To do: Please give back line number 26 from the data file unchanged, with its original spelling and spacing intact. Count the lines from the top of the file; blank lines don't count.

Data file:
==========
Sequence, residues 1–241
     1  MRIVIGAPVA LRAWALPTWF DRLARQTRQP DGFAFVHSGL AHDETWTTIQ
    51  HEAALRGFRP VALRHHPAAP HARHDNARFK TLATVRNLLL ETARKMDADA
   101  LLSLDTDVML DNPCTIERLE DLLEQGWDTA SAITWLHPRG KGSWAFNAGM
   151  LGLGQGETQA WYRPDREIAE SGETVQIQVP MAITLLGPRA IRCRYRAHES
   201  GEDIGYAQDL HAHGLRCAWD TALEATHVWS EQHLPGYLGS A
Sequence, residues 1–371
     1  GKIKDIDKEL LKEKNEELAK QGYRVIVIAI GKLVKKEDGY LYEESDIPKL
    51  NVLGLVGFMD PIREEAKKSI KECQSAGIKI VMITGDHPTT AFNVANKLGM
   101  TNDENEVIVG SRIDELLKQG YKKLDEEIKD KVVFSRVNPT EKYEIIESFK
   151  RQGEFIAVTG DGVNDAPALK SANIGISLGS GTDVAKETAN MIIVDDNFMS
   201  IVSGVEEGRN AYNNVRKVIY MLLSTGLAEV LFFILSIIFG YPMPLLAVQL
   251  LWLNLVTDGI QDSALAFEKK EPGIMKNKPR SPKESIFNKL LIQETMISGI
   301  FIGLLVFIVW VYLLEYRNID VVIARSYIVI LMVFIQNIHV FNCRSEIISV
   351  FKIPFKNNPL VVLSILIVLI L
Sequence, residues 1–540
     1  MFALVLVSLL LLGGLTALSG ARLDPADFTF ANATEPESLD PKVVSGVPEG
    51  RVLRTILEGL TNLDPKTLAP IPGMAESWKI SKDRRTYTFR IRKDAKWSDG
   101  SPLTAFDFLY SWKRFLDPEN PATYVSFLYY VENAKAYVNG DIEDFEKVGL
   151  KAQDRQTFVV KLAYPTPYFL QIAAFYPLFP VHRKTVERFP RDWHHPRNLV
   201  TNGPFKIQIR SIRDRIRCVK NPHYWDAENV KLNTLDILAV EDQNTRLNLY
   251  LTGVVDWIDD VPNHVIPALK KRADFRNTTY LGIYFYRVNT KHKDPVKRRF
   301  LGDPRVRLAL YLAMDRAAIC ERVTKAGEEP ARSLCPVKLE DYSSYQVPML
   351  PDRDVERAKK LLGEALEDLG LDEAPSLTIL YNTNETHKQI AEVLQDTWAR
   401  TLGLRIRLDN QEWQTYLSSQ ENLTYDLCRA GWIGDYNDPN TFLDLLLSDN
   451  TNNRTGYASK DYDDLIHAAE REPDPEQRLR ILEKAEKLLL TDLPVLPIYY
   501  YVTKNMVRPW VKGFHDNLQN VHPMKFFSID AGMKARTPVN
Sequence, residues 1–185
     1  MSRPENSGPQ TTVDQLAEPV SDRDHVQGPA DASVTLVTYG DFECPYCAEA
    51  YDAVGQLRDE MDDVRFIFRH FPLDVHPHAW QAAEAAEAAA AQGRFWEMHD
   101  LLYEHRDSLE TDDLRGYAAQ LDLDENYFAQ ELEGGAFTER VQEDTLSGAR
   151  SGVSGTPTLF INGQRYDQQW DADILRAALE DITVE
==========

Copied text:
   451  TNNRTGYASK DYDDLIHAAE REPDPEQRLR ILEKAEKLLL TDLPVLPIYY